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An African Grey Parrot and a Motability Scooter

Exotic birds are popular pets in the UK and it isn’t difficult to understand their appeal. However, some of these birds are extremely demanding and require a great deal of attention in order to remain contented. The birds can live for several decades too which means that a parrot could represent a commitment for life.

Time and Money

Parrots need the right size of cage and also require an investment in a cage bird feeder, a drinker, toys, perches and food. They don’t cost the earth to keep but the potential expenses, including vets’ bills must be considered. The chief issue is that these birds are intelligent creatures which easily become bored. A lack of stimulation can lead to self-harming in the form of plucking out their own feathers. You should not consider owning a parrot unless you have the time and dedication to provide the bird with enough attention.

I love parrots, especially talking parrots, but I know that I would not be able to provide a sufficient level of care to one of these birds. However, I am always fascinated to meet them and so I do make the occasional visit to a local pet centre which features several parrots and also to Bird World which is always a great day out. But there is one parrot that I particularly like to see.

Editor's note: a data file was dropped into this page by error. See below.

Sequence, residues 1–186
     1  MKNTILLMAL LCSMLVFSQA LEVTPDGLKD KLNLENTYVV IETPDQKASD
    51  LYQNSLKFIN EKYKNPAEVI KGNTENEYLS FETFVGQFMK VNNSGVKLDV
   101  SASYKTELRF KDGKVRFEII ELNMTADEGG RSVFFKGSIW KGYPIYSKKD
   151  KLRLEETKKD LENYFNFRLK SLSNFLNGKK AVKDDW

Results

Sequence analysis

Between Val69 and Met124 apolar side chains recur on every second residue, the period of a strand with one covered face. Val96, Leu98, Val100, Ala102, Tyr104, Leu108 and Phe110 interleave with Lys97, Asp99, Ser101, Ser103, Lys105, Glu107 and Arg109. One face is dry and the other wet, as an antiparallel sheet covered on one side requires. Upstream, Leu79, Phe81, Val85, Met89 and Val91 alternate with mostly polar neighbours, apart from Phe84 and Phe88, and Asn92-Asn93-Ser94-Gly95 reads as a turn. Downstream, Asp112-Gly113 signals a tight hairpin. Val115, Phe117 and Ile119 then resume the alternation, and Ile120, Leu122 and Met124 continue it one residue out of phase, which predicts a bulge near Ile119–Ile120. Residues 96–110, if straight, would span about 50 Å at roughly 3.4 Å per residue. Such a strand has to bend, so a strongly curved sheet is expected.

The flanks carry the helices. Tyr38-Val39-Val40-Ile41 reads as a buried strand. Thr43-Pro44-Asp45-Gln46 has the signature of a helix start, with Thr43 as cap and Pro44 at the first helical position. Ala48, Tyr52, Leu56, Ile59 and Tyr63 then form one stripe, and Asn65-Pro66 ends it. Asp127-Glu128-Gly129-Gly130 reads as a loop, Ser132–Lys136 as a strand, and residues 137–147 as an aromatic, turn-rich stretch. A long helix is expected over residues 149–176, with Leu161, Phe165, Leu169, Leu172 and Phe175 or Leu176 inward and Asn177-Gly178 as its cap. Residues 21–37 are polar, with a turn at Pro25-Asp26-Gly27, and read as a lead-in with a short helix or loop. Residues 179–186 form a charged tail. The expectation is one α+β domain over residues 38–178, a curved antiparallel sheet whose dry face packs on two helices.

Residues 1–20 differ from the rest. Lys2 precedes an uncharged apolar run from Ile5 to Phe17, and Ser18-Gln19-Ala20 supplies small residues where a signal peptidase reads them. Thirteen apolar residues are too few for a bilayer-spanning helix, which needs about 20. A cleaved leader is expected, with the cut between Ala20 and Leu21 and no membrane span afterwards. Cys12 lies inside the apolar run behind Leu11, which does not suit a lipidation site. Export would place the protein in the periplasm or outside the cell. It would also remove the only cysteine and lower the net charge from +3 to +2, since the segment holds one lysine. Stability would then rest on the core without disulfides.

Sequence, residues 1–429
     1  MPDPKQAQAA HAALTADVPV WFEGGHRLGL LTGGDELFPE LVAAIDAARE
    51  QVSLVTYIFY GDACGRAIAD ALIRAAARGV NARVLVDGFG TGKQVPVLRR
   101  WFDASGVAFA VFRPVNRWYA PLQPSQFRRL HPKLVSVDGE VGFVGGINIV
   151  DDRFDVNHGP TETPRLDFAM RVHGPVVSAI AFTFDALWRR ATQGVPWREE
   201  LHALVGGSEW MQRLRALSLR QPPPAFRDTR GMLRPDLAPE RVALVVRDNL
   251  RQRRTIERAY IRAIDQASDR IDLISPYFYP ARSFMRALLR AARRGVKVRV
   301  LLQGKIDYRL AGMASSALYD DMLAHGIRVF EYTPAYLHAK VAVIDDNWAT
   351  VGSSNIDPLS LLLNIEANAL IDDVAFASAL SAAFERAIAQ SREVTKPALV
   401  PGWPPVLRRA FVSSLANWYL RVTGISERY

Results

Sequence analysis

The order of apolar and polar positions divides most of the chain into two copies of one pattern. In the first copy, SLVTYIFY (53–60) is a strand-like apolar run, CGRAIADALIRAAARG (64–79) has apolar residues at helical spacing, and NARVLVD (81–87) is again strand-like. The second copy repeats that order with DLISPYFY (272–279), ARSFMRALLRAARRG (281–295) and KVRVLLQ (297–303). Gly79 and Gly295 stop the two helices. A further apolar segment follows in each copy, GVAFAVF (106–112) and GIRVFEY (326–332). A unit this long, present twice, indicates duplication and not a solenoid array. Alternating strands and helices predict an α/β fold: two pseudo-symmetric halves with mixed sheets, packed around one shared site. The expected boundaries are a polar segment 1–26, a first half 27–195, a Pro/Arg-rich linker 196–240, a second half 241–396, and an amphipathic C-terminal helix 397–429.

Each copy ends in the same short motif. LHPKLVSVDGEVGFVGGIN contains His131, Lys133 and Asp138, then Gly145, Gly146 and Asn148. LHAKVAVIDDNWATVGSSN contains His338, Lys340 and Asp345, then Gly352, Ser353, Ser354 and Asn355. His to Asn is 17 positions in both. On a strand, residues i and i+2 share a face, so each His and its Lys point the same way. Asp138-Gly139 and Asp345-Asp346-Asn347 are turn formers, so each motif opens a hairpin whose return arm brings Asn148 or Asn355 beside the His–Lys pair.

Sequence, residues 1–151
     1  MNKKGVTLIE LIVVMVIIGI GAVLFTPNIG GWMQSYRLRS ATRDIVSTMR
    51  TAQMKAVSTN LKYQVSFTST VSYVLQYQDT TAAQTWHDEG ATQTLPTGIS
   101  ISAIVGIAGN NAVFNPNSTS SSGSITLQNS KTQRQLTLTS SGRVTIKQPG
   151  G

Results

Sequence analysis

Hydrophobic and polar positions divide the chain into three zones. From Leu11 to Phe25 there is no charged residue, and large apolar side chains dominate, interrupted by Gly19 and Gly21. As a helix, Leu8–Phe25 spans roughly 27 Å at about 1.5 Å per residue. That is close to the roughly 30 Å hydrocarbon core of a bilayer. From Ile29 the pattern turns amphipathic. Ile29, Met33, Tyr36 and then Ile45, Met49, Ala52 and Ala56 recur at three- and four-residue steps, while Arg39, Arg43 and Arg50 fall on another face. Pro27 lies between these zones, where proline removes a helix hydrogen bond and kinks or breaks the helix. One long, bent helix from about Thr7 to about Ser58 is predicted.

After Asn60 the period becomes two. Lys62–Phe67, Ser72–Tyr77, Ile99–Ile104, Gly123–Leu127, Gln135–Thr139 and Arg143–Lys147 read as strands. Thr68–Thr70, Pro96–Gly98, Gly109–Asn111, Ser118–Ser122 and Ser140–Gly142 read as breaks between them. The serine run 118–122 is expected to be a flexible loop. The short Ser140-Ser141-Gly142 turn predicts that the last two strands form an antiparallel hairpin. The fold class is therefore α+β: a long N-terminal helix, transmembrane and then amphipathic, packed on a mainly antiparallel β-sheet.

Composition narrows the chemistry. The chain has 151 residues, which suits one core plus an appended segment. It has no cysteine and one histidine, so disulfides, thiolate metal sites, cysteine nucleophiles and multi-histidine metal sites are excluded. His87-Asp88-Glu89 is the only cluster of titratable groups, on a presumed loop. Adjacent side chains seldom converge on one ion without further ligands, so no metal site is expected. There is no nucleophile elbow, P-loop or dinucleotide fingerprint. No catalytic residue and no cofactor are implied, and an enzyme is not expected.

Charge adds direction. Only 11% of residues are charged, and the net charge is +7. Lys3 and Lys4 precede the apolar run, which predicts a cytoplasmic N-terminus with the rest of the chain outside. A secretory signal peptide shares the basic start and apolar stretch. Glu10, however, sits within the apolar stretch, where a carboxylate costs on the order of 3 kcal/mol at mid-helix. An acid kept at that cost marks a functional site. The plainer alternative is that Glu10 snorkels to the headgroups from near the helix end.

Surrey Star

My favourite parrot of all is an African Grey who is a frequent visitor to a car boot sale in Borden, Surrey!

I occasionally visit the boot sale to sell unwanted items. I had attended a few times and marvelled at the number of dogs walking around with their owners. Then I discovered that one visitor had an altogether more interesting pet. I could see a lady travelling around the boot sale on her Motability scooter and there was an Africa grey parrot sitting on the handlebars!

I couldn’t believe that the lady had so much confidence in her bird that she could take it out and about like that. The bird was not secured in any way but showed no inclination to leave its owner’s side. There was a little cage bird feeder attached to the scooter so the parrot could snack whilst he was out and about and he seemed content to do the rounds of the field.

Parrots and Shopping

Since then I have seen the lady on the scooter and the parrot on several occasions. He attracts a great deal of interest as he passes through the crowds. His owner seems to enjoy the bird’s celebrity status but does not appear to be quite so keen on people touching her feathered friend. I often wonder where else she takes the bird and if the same rules apply to a parrot as to dogs in shops, for instance. Can you take your parrot into the supermarket or into a shopping mall? It would be pretty embarrassing if you had a cage bird feeder with you and the parrot was tossing seed all over the floor!

I will have to ask the lady the next time I see her.


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